Menuwatch: Watson and Walpole

25 November 2020 by

Hotel Inspector Ruth Watson is applying her business sense to this Suffolk neighbourhood Italian, accompanied by approachable cooking from chef Rob Walpole. Tessa Allingham reports.

Watson and Walpole was due to open in April. But bunting, bells and whistles packed away, the team instead entered lockdown, eventually opening to patient customers on 23 July.

The Watson element in this neighbourhood Italian restaurant, just off Framlingham's market square in Suffolk, is Ruth Watson, experienced hotelier, restaurateur and Channel 5's Hotel Inspector. With her husband, David, she turned Hintlesham Hall near Ipswich into a renowned country house hotel in the mid-1980s; championed the 1990s gastropub phenomenon as owner of the Fox & Goose in Fressingfield; and ran the coastal Crown and Castle restaurant with rooms in Orford from 1999, until the couple sold their interest to TA Hotel Collection (now the Hotel Folk) in October 2017.

Watson and Walpole
Watson and Walpole

The business of profitable hospitality dictates Watson's every decision. "If we can't put a dish on at the right margin, we won't. If you can't make the bottom line work, then you can't take the business forward or pay your staff. It's simple."

If we can't put a dish on at the right margin, we won't. If you can't make the bottom line work, then you can't take the business forward

‘Walpole' is chef Rob Walpole, Watson's business partner and long-standing kitchen collaborator, having cooked at the Crown and Castle for 10 years, ultimately as head chef.

Watson and Walpole work closely on the menu, sharing a love of approachable, tasty Italian cooking over what Watson calls "got-up" food. "Chefs using liquorice powder just because they think it's funky to me is a sign of immature cooking," she says, bluntly.

Rob Walpole
Rob Walpole

A monthly changing 7-7-6 à la carte remains roughly the same for lunch and dinner, with vegetarian and vegan options listed separately. Sunday lunch trade is growing, while a midweek sharing lunch (£15pp, minimum two covers) appeals to grazers and sharers "à la Polpo", says Walpole.

You'll most likely find Walpole upstairs in his pasta room, where he mixes dough in a reconditioned 50-year-old Hobart, rolling it through a Lineapasta sheeter onto a wooden bench, built to his spec from a salvaged countertop.

Tortelloni stuffed with buffalo ricotta
Tortelloni stuffed with buffalo ricotta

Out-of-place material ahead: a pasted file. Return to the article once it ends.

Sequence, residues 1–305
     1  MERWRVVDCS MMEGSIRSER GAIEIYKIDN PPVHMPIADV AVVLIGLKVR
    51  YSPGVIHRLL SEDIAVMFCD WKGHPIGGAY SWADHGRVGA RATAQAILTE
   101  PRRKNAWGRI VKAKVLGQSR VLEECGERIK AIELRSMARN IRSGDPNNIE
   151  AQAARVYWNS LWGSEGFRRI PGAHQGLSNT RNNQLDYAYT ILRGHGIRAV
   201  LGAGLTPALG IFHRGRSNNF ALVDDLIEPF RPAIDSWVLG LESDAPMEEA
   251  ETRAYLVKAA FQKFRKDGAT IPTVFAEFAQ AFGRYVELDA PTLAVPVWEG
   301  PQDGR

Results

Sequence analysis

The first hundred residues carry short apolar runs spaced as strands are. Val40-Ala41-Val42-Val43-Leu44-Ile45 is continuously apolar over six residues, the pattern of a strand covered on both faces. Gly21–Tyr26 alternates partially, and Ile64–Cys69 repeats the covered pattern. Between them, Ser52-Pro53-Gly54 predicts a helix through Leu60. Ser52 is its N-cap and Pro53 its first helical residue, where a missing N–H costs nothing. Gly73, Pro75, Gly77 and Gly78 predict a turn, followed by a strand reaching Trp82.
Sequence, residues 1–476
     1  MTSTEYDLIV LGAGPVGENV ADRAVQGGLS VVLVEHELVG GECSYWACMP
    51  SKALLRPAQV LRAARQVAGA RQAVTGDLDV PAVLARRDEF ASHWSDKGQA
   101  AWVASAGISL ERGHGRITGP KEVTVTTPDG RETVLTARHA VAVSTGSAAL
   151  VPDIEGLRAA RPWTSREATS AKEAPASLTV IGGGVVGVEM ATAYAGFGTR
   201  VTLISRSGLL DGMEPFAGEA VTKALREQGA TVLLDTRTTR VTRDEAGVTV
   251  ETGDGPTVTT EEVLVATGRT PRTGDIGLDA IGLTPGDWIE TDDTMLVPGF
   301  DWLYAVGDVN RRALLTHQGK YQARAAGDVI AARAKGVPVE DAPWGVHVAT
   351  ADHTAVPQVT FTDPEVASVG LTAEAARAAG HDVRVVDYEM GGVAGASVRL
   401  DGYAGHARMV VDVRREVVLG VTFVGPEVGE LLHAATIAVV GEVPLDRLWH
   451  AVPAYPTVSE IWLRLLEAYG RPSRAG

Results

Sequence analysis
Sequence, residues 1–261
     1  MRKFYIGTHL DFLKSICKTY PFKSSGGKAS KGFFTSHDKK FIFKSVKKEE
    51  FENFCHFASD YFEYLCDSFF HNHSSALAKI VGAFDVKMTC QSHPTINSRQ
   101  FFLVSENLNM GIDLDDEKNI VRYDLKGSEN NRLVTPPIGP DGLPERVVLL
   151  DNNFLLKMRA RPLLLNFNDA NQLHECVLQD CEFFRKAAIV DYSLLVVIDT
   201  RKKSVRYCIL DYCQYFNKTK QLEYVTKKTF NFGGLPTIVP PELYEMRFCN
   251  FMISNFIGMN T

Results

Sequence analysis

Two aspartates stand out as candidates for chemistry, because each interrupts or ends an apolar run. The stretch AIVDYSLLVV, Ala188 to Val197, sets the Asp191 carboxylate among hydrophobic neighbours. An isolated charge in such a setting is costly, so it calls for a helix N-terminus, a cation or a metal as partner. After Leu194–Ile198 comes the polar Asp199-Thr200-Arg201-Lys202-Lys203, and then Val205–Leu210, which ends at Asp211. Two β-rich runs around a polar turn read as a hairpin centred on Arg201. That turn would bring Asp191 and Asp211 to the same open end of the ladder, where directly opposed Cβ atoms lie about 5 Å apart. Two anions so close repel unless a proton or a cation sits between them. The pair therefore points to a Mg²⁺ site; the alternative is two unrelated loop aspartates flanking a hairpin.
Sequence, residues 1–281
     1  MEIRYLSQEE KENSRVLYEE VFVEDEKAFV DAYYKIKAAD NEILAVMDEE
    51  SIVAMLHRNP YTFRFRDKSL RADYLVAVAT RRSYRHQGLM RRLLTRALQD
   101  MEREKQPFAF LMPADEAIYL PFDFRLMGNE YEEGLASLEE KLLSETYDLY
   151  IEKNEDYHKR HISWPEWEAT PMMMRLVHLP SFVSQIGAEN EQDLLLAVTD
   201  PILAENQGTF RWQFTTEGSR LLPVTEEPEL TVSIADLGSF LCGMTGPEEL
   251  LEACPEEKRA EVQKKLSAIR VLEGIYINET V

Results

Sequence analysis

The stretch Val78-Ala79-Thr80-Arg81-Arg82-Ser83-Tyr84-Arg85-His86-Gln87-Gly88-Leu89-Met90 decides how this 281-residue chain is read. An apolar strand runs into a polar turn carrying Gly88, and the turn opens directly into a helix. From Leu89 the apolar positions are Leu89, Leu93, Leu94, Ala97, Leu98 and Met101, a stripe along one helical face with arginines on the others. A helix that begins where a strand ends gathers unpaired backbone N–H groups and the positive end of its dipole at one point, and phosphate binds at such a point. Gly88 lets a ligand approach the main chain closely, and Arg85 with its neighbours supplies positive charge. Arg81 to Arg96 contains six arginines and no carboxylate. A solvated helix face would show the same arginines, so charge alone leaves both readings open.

"Nothing else happens in this room, just flour, eggs, water," he says. "It's clean, focused, the right temperature and humidity." It's here that he packs his favourite agnolotti with St Jude cheese (£13.50), or pansoti with brown butter and sage (£13.50).

Ever-popular tortelloni (£13.50) are served in a smoked tomato ragù with Laverstoke Park ricotta, which Walpole loves for its freshness. "The buffalo are milked on the Monday, the ricotta is made on the Tuesday and it's with me Wednesday." Alongside one filled pasta, there are always two long varieties, perhaps bucatini with classic Roman cacio e pepe (£14.50), or fettuccine with girolles (£14.50).

Casarecce with salsiccia di finocchi ragù
Casarecce with salsiccia di finocchi ragù

Downstairs, a Fuego oven lights Walpole's fire. The wood-fired oven is lit daily to roast, bake, smoke and sear. "We roast chillies, peppers and tomatoes for the smokiest salsa rossa. It elevates vegetables to where they deserve to be. We've started doing puffed flatbread in it, too."

Dying embers aren't wasted. "We start lamb shoulders at 400ºC, then cover with chicken stock and foil and leave overnight. Ten hours later, the oven is still 80ºC and the bones slide out. We portion and bring it back up to order, first in the Fuego, then basted in a rich lamb jus." Served with baked borlotti beans and salsa rossa (£15), it is the chef's favourite dish.

Raw beef carpaccio with Harry's Bar dressing
Raw beef carpaccio with Harry's Bar dressing

Favoured suppliers in East Anglia include Fen Farm for butter and Baron Bigod, White Wood Dairy for St Jude, and Pump Street Bakery for bread. Seafood is often from Framlingham-based A Passion for Seafood – brown shrimps dusted with semolina and deep-fried to eat whole (£8), or a fat Loch Fyne scallop, served in its shell with artichoke passato and ‘nduja (£9.50) – while London-based Cobble Lane Cured is the go-to for charcuterie.

Loch Fyne scallop, artichoke passato, ‘nduja
Loch Fyne scallop, artichoke passato, ‘nduja

A Marsala-drenched tiramisù (£8) is a ‘pick-me-up' fixture on the short-and-sweet dessert menu. The wine list, shaped by Liberty Wines, is simple too, roaming Italy to offer the likes of a bright Sicilian Fiano or Pugliese Primitivo by the glass, 500ml carafe or bottle.

An average spend per head of £35 comes from 40 appropriately spaced covers. With the 10pm curfew cancelling relays, the three front of house staff serve 15-20 fewer guests than forecast on a busy night. A characterful 16-cover private dining room and small window bench are shut too. However, Watson and Walpole are confident that strong early support for their restaurant will help the team face whatever wintry times lie ahead with a dose of Italian allegria.

Watson and Walpole, 3 Church Street, Framlingham, Suffolk IP13 9BQ

01728 666556

From the menu

  • Mortadella, gnocco fritto, Gorgonzola fonduta £8.50
  • Coppa, fresh fig, Treviso, chestnut honey dressing £8
  • Chargrilled octopus, Venetian potatoes, salsa verde £8.50
  • Wood-roasted beef brisket, olive oil and Parmesan potato puréé, cavolo nero £18
  • Hake, brodo di crostacei, fregola, crab aïoli £19
  • Pappardelle, venison ragù £17
  • Wood-roasted apple passato, chilled zabaglione, amaretti £7.50
  • Vanilla panna cotta, wood-roasted Victoria plums £7.50
  • Baron Bigod, baked quince, linguette £9.50

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